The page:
Answer: The Gemara (Shabbos 5b) writes that if a sefer unrolled into a reshus hayachid in a way that they couldn’t roll it back, they should turn it over so that the writing should not be exposed.
The Shulchan Aruch (YD 277:1) writes that when a sofer who’s writing a sefer Torah leaves it to dry, he should cover it rather than turn it over, as covering it is more respectful. The Bach (YD 277:1) writes that we learn from here that it is disrespectful to leave a sefer Torah or other sefarim open for any extended period of time (See Shach YD 277:1; Baer Heitev YD 277:1; Aruch Hashulchan YD 277:2).
Thus, the Shulchan Aruch (OC 139:5) writes that the minhag is to cover the sefer Torah between each aliya. The Rema, however, writes that the minhag ashkenaz is to roll it closed. Likewise, the Mishna Berura (139:21) quotes the Taz that one shouldn’t cover the sefer Torah each time as it is a tircha, extra bother.
The Baer Heitev (OC 139:8) adds, however, that it is appropriate to cover the sefer Torah when saying kaddish afterwards. Thus, we cover the sefer Torah whenever there is a substantial pause, such as the gabbai saying mi shebeirach.
In conclusion, one should close, but not cover the sefer Torah after an aliya. When there is a longer break, such as kaddish or mi shebeirach being recited, then it should be covered.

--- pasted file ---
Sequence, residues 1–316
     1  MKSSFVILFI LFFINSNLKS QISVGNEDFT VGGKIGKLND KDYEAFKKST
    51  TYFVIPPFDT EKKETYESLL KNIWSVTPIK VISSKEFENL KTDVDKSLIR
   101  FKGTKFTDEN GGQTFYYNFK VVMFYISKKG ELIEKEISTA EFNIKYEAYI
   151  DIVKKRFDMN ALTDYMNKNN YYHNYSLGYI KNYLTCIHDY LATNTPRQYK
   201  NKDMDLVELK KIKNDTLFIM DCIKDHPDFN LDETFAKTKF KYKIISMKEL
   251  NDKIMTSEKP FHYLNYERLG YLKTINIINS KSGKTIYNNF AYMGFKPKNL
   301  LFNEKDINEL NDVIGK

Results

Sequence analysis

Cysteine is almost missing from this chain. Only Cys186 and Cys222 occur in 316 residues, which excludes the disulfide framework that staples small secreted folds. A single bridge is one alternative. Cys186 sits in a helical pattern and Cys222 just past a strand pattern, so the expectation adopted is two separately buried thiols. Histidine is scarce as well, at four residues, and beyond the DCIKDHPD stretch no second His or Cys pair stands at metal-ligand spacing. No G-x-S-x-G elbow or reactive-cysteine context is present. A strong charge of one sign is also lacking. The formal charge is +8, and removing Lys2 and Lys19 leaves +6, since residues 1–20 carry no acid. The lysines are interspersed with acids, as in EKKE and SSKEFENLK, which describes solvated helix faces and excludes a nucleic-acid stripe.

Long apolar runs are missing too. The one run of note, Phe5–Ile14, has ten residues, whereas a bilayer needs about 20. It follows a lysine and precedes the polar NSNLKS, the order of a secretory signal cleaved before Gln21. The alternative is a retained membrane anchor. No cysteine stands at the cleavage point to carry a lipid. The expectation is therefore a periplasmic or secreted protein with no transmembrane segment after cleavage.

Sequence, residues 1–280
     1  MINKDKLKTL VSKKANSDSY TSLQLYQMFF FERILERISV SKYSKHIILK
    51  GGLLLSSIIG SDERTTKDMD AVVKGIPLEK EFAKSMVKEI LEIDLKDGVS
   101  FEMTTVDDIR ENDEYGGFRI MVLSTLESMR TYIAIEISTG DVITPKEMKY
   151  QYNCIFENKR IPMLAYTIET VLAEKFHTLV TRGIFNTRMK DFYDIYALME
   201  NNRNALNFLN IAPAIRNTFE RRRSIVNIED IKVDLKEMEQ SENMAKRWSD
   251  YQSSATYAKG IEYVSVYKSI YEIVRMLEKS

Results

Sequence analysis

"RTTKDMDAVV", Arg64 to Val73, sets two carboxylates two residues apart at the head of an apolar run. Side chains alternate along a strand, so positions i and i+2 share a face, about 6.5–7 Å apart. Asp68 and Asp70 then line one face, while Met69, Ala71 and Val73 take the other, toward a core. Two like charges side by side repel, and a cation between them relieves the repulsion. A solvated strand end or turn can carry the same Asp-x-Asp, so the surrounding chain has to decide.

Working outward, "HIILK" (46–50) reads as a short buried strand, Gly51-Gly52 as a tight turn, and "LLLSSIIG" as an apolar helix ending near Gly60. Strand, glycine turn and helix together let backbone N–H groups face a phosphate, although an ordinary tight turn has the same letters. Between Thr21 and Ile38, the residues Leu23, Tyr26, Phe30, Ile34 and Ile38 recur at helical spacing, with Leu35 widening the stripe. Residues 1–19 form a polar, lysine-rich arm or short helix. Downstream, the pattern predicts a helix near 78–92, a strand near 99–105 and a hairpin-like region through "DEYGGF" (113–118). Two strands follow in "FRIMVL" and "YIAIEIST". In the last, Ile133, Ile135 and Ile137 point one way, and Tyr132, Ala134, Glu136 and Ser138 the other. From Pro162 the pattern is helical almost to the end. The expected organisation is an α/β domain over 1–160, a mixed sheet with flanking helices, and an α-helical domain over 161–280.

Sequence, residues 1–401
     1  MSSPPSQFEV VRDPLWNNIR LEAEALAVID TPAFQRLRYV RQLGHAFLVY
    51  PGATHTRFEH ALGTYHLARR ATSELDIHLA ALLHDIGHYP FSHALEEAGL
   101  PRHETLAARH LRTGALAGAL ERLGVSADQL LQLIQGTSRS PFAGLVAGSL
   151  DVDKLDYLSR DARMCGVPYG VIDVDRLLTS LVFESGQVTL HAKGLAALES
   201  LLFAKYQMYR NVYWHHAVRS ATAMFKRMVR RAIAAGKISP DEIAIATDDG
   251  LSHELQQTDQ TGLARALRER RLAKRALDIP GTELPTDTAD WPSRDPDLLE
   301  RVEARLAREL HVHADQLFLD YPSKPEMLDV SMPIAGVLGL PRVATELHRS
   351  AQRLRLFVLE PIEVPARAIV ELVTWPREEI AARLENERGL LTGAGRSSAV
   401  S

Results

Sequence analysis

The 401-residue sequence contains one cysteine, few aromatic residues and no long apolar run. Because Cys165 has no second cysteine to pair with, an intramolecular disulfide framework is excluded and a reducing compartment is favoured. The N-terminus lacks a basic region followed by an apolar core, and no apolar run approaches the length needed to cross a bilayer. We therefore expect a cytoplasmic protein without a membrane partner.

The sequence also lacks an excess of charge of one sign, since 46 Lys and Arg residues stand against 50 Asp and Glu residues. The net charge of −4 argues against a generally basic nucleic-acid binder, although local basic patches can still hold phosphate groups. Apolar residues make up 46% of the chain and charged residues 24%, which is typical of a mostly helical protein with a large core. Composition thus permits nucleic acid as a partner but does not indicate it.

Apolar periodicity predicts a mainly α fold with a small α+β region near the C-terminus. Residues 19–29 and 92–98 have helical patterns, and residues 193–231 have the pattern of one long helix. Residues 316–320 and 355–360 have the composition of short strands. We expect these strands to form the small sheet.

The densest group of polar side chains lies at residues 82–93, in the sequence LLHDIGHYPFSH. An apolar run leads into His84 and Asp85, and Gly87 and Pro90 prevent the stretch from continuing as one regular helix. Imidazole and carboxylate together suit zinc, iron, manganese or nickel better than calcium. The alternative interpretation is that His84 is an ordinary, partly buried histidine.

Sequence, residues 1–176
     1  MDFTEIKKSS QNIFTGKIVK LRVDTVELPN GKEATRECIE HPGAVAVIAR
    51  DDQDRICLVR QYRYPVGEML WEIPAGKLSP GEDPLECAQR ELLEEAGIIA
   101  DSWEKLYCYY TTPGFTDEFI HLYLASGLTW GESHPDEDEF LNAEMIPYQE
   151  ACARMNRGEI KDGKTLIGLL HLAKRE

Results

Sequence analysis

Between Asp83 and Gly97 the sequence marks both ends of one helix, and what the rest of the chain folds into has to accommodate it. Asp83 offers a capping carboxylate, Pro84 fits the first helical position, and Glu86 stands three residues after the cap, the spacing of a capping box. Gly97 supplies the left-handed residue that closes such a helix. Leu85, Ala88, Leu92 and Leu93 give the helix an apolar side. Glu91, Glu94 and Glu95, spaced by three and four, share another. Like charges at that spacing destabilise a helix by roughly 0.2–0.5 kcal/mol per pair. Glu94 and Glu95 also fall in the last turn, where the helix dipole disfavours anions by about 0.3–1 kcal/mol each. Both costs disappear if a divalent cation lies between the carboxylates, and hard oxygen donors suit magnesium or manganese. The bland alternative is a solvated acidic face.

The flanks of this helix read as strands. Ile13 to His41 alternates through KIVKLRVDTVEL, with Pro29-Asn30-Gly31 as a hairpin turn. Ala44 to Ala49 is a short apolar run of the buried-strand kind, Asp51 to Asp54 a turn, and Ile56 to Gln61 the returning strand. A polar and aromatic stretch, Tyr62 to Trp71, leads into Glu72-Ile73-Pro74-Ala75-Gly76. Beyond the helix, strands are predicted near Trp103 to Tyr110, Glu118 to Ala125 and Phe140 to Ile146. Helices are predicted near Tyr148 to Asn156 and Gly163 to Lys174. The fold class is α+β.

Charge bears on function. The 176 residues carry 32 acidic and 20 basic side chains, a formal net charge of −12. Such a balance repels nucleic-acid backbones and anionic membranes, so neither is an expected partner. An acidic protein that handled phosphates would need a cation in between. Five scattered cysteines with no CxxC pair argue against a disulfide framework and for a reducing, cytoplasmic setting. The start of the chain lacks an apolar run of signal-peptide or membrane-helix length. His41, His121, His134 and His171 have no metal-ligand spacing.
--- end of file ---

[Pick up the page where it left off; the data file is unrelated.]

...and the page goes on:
Sunday, 4 March 2018

Don’t Close the Torah

Question: When receiving an aliya is it best to close the sefer Torah during the berachos or leave it open?
Answer: The Gemara (Megilla 32a) writes that there is a machlokes as to whether one who is called up to the Torah should leave the sefer Torah open or close it while they are reciting the berachos before their aliya. According to R’ Meir, one should close the sefer Torah so as not to give off the impression that the berachos are in the Torah.  R’ Yehuda, however, is not concerned that people will make this mistake. The Gemara says that the halacha follows R’ Yehuda. Thus, Rambam (Tefilla 12:5) and the Shulchan Aruch (OC 139:4) write that when called up, one should open the sefer Torah to see where they are going to read from, leave the Torah open while saying the berachos and then read. One should roll the sefer Torah closed before saying the berachos after their aliya.
The Taz (OC 139:4) and Mishna Berura (139:17) explain that one shouldn’t close the sefer Torah as rolling it back and forth and finding the place again would constitute tircha detzibbura, an unnecessary burden on the community.
The Rema (OC 139:4) adds that when saying the berachos beforehand, one should look to the side. Nonetheless, the Mishna Berura (139:19) writes that this isn’t ideal as it looks like one is looking away. Rather, one should close one’s eyes, or read the berachos if they are on the bimah.
Some follow Tosafos (Megilla 32a) who writes that ideally one should close the sefer Torah before saying the berachos. The Aruch Hashulchan (OC 139:12) challenges this, however, saying that the consensus of poskim is to leave the sefer Torah open.
In conclusion, it is preferable to leave the sefer Torah open during the first berachos so as not to delay the tzibbur by even a few extra seconds.